- Eat dark green, iron-rich vegetables with meat, poultry, or seafood. The iron in the animal protein enhances absorption of the iron in the vegetables.
- Include foods high in vitamin C at each meal. This will enhance the body's absorption of iron, especially the non-heme iron, which is harder to absorb.
- Eat enriched or fortified grain, cereal, and pasta products that have iron added to them.
- Use iron cooking pans, for example, cast-iron skillets.
- Include an animal protein when eating grains, cereal, or pasta to increase the absorption of non-heme iron.
- Avoid drinking tea when eating iron-rich foods. The tannic acid in tea reduces iron absorption by about 50%. Coffee also reduces iron absorption but not as much.
The amount of iron needed for good health varies. Following are the Recommended Daily Allowances
- 11 mg for children from 7 to 12 months old
- 7 mg for children from 1 to 3 years old
- 10 mg for children from 4 to 8 years old
- 8 mg for boys and girls from 9 to 13 years old
- 11 mg for boys 14 to 18 years old
- 15 mg for girls 14 to 18 years old
- 8 mg for adult men 19 years and older
- 18 mg for adult women 19 to 50 years old
- 8 mg for adult women 51 years and older
- 27 mg for pregnant women
- 25 mg for adolescent women 14 to 18 years old who are breastfeeding
- 27 mg for women 19 years and older who are breastfeeding
Iron supplements are available for individuals who are not getting enough iron from their diet. When taking iron supplements, it is important to consider the following guidelines:
- Iron is best taken on an empty stomach, with water or fruit juice, one to two hours after a meal.
- If iron causes stomach upset, the iron supplement can be taken with food or right after a meal.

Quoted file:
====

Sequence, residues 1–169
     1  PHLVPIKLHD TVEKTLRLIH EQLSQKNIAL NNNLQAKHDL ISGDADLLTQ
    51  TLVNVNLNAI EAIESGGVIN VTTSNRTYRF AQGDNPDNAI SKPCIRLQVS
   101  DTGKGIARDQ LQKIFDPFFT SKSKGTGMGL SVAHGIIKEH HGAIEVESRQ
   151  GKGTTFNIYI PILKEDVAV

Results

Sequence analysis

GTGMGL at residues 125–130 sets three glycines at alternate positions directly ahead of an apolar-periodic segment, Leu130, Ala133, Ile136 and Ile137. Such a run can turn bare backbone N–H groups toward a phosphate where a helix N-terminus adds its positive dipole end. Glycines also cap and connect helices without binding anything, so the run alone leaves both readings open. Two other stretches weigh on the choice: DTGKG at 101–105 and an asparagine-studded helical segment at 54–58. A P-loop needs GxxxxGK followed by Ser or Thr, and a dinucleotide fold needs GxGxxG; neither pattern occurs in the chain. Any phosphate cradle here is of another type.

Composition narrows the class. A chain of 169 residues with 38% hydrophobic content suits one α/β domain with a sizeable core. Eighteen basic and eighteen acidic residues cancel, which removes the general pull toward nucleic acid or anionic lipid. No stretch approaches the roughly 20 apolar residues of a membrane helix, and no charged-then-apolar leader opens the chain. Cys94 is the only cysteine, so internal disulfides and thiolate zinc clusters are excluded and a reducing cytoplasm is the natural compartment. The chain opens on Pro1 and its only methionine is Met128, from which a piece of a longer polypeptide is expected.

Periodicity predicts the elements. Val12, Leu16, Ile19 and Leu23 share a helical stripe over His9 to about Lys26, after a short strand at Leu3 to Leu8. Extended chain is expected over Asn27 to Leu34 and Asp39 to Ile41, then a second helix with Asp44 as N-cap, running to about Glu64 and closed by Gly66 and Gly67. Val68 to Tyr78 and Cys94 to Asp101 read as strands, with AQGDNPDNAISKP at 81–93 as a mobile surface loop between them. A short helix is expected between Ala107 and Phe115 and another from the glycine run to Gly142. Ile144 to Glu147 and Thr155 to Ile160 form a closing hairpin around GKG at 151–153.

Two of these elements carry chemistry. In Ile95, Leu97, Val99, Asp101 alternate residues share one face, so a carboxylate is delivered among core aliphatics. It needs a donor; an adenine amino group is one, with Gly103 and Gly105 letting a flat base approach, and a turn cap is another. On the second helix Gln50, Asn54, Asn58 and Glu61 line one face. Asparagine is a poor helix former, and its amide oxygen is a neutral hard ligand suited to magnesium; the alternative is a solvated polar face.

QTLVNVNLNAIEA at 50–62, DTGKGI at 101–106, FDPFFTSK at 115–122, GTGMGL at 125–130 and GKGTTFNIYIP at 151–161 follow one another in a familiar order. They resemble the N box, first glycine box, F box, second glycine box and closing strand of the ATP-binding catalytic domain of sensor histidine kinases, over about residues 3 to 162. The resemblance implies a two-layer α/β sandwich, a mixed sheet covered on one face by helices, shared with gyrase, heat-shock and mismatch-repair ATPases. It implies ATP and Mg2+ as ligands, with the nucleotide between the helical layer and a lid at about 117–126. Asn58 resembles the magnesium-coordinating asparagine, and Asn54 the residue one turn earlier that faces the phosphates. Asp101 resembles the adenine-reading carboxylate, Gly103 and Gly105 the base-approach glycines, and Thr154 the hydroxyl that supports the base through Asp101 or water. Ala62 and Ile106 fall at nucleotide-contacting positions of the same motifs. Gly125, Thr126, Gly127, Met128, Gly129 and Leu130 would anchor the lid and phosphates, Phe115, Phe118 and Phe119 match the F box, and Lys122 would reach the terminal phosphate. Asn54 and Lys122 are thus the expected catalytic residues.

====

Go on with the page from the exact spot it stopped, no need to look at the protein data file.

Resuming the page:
- Antacids may make iron supplements less effective, so iron should be taken at least one to two hours before or after antacids.
- Certain foods interfere with iron absorption and should be avoided one to two hours after or before an iron supplement is taken. These foods include eggs, milk, cheese, tea, coffee, and whole grain bread.
- Iron and calcium supplements should not be taken together.
- There are some interactions between iron and certain medications, such as some antibiotics. Individuals taking iron supplements should let their healthcare professionals know this when new medications are prescribed.
- Iron can worsen certain medical conditions, such as stomach ulcers. It's important to discuss iron supplements with the healthcare professional.
It is hard to get too much iron just from food. However, it is possible to get too much iron if vitamin and mineral supplements are used. Too much iron can be poisonous, especially for children. Vitamins with iron, including chewable vitamins made for children, should be kept out of the reach of children.
Symptoms of iron toxicity include the following:
- loss of appetite
- shortness of breath
- weight loss
Somer, E., MA, RD.&Health Media of America. (1995). The Essential Guide To Vitamins and Minerals (2nd ed.). New York: HarperCollins Publishers, Inc.
Duyff, R., MS, RD, CFCS. (1996). The American Dietetic Association's Complete Food&Nutrition Guide. Minnesota: Chronimed Publishing.
Murray, M., ND. (1996). Encyclopedia of Nutritional Supplements. California: Prima Publishing.